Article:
Toward 2016 states that the University’s ultimate goal is “to move the Law School to the level of accomplishment and recognition that warrants ranking as one of the 15 best in the nation.” The Law School has advanced its position in recent years to achieve the rank of 25th of 184 law schools in the U.S. News rating, which was based on fall 2006 data. This was up from 32nd the year before. (See Figure 8.)
Develop Academic Programs. Fordham is continuing to develop three academic areas that are central to the direction in which the legal profession is moving, fields in which the University already has great strength, and which build on the advantage of Fordham’s New York location. Those areas are international law, in which Fordham ranks 11th in the nation (U.S. News); business law, in which the University ranks 20th (according to Lieter); and information or intellectual property law, in which Fordham ranks 23rd (U.S. News).
Strengthen Faculty. Fordham is appointing exceptional graduates of leading law schools to the faculty. (See Table 5.) In addition, the University has established seven new endowed law professorships between 2003 and 2008, and continues to seek funding for more.
Improve Student-Faculty Ratio. In recent years, Fordham has also steadily improved its student-faculty ratio. (See Figure 9.)
Fortify the Student Body. Fordham is improving the quality and diversity of the Law School’s student body through national recruiting, scholarships and enhanced financial aid and loan programs. One measure of academic strength is the median score of enrolled students on the Law School Admissions Test (LSAT), the scores on which range from 120 to 180. Between 1998 and 2007, the University raised the median score from 163 to 166, and the percentile of these scores has risen from 88.5 to 93.4. (See Figure 10.)
In addition, the University has substantially increased the geographic diversity of the Law School student body. For the first time, in fall 2007, the majority of entering law students were from outside New York state. The proportion of new students has increased from 37 percent in 1998 to 53 percent in 2007.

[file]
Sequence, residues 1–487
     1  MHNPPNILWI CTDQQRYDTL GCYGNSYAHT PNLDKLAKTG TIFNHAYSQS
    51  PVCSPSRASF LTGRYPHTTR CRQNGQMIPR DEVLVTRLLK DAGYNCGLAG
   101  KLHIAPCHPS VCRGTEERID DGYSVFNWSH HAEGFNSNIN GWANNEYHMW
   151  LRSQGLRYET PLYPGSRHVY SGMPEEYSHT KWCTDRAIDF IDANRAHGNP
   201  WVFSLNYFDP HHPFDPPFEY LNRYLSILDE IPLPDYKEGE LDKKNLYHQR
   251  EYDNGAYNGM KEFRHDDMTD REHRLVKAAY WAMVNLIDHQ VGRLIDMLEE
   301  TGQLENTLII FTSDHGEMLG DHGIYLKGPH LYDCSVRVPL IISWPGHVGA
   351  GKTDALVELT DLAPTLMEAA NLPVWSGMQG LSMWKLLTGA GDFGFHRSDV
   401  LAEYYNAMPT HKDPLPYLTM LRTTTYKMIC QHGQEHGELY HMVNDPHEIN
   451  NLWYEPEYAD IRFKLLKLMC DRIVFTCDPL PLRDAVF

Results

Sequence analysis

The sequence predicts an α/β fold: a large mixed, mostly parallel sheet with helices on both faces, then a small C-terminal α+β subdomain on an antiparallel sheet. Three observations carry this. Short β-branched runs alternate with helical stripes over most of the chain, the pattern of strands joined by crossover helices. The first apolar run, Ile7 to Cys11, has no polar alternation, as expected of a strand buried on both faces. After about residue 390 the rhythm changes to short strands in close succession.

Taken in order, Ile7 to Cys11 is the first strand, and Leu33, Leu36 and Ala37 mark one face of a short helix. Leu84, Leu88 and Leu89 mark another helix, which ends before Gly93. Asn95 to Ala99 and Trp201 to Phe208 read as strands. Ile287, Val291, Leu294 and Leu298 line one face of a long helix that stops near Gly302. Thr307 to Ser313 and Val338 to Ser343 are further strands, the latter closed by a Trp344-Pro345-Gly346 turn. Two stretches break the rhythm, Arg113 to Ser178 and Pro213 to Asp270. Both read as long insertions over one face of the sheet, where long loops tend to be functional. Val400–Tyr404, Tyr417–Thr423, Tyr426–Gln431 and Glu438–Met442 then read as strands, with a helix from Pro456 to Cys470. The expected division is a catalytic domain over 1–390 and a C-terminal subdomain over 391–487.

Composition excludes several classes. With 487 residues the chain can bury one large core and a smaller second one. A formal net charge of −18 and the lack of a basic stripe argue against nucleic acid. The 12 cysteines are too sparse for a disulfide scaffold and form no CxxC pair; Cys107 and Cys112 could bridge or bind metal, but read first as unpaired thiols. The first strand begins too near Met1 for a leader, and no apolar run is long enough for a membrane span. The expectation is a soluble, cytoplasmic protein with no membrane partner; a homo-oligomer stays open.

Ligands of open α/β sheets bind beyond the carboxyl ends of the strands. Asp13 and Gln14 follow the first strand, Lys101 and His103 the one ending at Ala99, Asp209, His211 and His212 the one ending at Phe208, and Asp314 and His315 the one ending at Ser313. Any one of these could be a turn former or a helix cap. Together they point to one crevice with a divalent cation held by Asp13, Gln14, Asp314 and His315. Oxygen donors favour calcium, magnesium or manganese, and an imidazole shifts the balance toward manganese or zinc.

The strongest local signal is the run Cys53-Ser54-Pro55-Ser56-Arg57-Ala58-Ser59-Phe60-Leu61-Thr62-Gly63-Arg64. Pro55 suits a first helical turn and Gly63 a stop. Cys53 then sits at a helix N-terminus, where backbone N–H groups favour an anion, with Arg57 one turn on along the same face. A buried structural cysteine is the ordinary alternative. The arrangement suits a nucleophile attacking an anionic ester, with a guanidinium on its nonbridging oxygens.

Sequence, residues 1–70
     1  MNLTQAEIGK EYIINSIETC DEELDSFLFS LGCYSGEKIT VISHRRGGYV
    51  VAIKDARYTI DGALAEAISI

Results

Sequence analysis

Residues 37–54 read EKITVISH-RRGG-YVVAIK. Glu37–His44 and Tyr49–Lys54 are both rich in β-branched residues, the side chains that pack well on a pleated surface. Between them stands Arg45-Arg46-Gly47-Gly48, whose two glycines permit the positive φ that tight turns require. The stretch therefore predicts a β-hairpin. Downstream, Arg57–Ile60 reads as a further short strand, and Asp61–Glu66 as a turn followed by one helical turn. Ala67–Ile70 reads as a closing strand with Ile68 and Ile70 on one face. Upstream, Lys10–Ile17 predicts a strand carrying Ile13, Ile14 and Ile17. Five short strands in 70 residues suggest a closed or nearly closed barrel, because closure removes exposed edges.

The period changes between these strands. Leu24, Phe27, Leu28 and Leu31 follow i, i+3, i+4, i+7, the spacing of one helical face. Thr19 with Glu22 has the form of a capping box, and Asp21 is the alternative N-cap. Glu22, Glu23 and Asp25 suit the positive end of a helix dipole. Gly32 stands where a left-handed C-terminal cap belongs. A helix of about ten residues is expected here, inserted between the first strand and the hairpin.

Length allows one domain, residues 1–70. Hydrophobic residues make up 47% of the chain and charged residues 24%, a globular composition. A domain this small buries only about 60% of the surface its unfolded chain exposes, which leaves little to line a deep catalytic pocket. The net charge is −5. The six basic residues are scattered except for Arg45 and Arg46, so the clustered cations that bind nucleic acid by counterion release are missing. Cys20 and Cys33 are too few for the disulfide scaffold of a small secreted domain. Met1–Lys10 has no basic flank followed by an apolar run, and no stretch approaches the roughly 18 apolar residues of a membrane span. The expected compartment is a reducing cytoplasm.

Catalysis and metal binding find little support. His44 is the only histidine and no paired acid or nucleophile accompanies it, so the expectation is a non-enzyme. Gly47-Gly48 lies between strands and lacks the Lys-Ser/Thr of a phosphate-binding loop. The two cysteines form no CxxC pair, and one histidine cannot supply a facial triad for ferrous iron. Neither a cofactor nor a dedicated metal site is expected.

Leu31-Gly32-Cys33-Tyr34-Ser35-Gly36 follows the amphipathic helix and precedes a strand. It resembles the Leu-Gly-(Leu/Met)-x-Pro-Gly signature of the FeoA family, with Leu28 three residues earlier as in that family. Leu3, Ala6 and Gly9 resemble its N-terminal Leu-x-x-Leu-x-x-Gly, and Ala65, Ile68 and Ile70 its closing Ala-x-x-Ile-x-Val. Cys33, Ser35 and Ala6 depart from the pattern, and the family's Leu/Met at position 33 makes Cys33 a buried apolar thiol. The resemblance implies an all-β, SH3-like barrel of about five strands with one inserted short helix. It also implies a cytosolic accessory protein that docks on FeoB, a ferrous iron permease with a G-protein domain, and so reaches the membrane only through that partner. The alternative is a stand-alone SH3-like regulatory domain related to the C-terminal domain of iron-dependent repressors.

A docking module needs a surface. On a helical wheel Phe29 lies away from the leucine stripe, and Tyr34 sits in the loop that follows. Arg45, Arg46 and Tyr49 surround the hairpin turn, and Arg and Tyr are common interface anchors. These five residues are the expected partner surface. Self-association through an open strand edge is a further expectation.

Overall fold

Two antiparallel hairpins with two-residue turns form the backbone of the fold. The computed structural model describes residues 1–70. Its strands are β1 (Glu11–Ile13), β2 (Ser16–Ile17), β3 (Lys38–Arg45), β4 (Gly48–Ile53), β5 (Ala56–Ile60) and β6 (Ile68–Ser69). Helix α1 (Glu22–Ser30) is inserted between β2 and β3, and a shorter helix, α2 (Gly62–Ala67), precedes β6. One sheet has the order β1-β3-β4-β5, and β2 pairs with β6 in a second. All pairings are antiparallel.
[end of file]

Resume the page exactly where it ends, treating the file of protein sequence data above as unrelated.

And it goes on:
Financial Support for the Law School and New Law School Building. The alumni and benefactors of the Law School have been generous in their contributions to support the programs of the Law School as well as the construction of a new Law School Building. Contributions to the Law School were particularly large during the year that marked the 100th anniversary of its founding. (See Figure 11.)
Supporting Initiative: Promoting Excellence in Selected Graduate and
Professional Programs-Graduate School of Business Administration
Toward 2016 calls for the Graduate School of Business Administration (GBA) to redesign its full- and part-time MBA programs, to develop an master’s in Finance and other niche programs, to continue to leverage international programs, and to strengthen its faculty and student body. As a result of these improvements, it set a goal for GBA’s full-time program to rank in the top 50 nationally and for its part-time program to rank in the top 10.
Advance Ranks of GBA Programs. There are numerous ratings of MBA programs. U.S. News and the Wall Street Journal publish two prominent ratings. In 2007, Fordham’s full-time program ranked 77th nationally in U.S. News; the part-time program was below 30. GBA ranked 27th regionally in the Wall Street Journal. (See Table 6.)
Develop Curricular Programs. GBA has developed new curricular programs in recent years. A new master’s degree in quantitative finance was approved in spring 2007, and a highly qualified inaugural class of students began study in the fall. (See Table 7.)
Leverage International Alliances and Programs. GBA has established a new China consortium with the Universities of Leuven and Dublin and the Esade Business School. It has also established Gateway programs with nine international business schools by which students at the foreign schools visit Fordham.
Strengthen Faculty. The College and Graduate Schools of Business Administration are recruiting new and established scholars for regular appointments to the business faculty and to endowed chairs. Fordham recently received a $3.5 million donation to establish the E. Gerald Corrigan Chair in International Business and Finance. The Business faculty continues to publish prolifically: indeed, in 2006-2007 it published 125 articles, books and chapters, up from 56 in the previous year.
Increase Student Quality. Between fall 2005 and fall 2007, GBA has succeeded in raising the average GMAT scores of full- and part-time students by approximately 20 points. Acceptance rates have dropped slightly for part-time students, to 68 percent in 2007, while acceptance rates for full-time students have been much lower, 49 percent for two of the last three years. (See Figure 12.)
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